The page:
- requires respondents to complete a sometimes lengthy set of repetitive questions regarding deployments before addressing core issues such as health, increasing the possibility of response fatigue.
Examples of these weaknesses are offered in Chapter 2. Their cumulative effect is evidenced by the high percentage of respondents who initiated but did not complete the instrument and the number of questions that had large nonresponse rates.
The issue of how to improve the questionnaire depends critically on the registry’s intended purpose(s) going forward. VA has articulated several different purposes in various documents: to help monitor health conditions affecting eligible veterans and service members; to improve VA programs to help veterans and service members with deployment exposure concerns; to generate potential hypotheses about exposure–response relationships; to improve programs in the Veterans Health Administration; and to provide outreach to veterans who may have experienced adverse health outcomes as a result of their exposures. However, with the exception of compiling a list of persons who may benefit from future outreach efforts and the possible exception of hypothesis generation, it does not appear that the registry as currently configured is fit for the articulated purposes.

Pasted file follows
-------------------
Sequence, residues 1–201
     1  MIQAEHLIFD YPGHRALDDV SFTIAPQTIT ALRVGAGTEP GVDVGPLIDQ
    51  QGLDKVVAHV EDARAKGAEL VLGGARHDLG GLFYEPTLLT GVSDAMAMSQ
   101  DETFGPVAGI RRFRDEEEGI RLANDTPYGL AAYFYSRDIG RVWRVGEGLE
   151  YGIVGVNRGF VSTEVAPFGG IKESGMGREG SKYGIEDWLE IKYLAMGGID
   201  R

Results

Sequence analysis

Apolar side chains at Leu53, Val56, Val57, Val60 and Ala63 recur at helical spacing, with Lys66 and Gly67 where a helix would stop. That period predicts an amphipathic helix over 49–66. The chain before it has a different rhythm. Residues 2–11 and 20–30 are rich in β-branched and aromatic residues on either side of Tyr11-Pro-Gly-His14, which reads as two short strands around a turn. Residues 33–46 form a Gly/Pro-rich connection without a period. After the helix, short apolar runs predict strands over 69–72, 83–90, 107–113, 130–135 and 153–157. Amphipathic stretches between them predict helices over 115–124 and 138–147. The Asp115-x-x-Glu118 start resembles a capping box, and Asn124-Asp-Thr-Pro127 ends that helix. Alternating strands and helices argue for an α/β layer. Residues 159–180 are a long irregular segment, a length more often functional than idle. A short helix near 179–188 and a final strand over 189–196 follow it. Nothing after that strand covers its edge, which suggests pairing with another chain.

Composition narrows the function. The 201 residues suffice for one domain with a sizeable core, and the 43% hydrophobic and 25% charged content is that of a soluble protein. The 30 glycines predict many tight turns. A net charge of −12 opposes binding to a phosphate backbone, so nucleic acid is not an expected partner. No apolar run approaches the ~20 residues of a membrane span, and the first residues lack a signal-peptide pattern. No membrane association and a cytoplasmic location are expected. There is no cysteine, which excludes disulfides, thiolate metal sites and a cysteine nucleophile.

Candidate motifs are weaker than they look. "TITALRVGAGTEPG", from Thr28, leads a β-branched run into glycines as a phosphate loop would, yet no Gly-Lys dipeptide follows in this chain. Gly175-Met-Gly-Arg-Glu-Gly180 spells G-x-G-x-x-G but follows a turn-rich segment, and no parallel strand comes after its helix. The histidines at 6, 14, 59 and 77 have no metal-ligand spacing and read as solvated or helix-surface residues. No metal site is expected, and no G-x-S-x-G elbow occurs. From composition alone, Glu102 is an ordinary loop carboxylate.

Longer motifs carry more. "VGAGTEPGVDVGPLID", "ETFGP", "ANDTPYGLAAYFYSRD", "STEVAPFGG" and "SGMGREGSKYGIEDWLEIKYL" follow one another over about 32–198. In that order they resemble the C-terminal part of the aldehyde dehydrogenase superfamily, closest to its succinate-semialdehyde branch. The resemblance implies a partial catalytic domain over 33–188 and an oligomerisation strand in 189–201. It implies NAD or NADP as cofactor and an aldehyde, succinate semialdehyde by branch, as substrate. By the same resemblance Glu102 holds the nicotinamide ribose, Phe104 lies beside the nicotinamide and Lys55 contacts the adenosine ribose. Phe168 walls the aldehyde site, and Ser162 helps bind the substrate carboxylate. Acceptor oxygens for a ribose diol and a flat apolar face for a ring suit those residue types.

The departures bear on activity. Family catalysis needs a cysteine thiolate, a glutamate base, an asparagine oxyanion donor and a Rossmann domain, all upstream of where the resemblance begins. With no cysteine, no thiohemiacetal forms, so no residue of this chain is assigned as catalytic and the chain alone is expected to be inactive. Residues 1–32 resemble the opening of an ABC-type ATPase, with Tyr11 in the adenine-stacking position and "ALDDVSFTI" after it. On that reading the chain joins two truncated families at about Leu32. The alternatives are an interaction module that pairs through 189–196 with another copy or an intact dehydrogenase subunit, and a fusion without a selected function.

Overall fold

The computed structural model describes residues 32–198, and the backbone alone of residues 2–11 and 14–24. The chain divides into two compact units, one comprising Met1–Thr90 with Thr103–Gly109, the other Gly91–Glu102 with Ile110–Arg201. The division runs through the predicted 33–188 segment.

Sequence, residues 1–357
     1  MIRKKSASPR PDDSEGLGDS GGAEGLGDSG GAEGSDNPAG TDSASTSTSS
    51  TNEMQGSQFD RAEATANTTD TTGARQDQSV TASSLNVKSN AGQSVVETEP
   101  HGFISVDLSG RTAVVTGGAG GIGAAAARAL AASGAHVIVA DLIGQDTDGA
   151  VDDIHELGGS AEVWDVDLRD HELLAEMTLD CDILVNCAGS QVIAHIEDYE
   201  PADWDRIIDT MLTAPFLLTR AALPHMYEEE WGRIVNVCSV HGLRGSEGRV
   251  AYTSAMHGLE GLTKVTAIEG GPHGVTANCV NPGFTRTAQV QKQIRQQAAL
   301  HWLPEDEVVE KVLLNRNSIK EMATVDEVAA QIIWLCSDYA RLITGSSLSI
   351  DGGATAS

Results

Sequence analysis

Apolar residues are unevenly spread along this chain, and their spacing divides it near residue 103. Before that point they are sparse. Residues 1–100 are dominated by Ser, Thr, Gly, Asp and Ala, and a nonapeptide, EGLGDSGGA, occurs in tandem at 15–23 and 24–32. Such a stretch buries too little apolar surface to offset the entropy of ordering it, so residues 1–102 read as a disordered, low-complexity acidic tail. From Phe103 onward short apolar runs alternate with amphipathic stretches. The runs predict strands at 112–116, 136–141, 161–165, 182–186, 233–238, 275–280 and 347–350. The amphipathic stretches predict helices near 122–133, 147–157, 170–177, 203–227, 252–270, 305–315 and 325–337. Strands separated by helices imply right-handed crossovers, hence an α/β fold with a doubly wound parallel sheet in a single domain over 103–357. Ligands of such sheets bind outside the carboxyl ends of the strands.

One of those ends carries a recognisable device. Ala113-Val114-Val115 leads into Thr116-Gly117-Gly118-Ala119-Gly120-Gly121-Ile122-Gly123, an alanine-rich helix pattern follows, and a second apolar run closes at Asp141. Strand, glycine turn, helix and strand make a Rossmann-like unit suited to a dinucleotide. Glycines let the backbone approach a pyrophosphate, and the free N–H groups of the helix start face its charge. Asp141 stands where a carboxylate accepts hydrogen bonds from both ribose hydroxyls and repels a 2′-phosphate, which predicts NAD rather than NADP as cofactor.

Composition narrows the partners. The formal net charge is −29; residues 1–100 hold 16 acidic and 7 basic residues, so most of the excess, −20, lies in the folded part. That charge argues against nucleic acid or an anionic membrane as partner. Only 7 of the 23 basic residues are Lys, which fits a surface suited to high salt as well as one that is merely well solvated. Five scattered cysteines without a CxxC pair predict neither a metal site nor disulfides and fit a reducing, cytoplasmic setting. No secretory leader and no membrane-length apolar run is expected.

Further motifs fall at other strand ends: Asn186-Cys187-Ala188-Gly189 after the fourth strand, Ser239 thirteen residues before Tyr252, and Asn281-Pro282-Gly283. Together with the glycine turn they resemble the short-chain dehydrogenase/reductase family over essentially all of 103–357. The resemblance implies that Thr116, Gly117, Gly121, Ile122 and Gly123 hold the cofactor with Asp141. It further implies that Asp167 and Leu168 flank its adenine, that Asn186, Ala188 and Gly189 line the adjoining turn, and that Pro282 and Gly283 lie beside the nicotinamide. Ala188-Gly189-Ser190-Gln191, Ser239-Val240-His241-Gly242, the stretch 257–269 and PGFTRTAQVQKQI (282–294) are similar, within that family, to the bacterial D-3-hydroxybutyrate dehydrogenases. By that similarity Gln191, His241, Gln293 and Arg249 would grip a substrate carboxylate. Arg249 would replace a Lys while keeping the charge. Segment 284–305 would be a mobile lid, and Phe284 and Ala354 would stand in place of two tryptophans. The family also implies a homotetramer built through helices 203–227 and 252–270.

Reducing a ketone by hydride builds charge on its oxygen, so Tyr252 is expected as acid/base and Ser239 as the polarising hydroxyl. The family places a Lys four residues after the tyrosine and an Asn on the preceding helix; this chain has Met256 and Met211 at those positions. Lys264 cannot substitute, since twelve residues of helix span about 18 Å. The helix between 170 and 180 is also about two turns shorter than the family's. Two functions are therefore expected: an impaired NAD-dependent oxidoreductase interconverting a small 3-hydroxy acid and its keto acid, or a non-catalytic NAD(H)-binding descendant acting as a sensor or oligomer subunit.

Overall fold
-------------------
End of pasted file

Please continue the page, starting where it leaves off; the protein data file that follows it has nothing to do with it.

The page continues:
Given the inherent weaknesses of registries that rely on voluntary participation and self-reports of crucial information, the committee concludes that the best ways to make use of the registry are to
- make it a means for the eligible population to document their concerns over health problems that may have resulted from their service, bring those concerns to the attention of VA and their health care providers, and supply VA with a list of persons who are interested in burn pit exposure issues; and
- generate data on the prevalence of health problems in the respondents that might possibly be used to stimulate research using more sophisticated analysis means.
If VA chooses to use the registry for these purposes, then the questionnaire may be simplified as follows: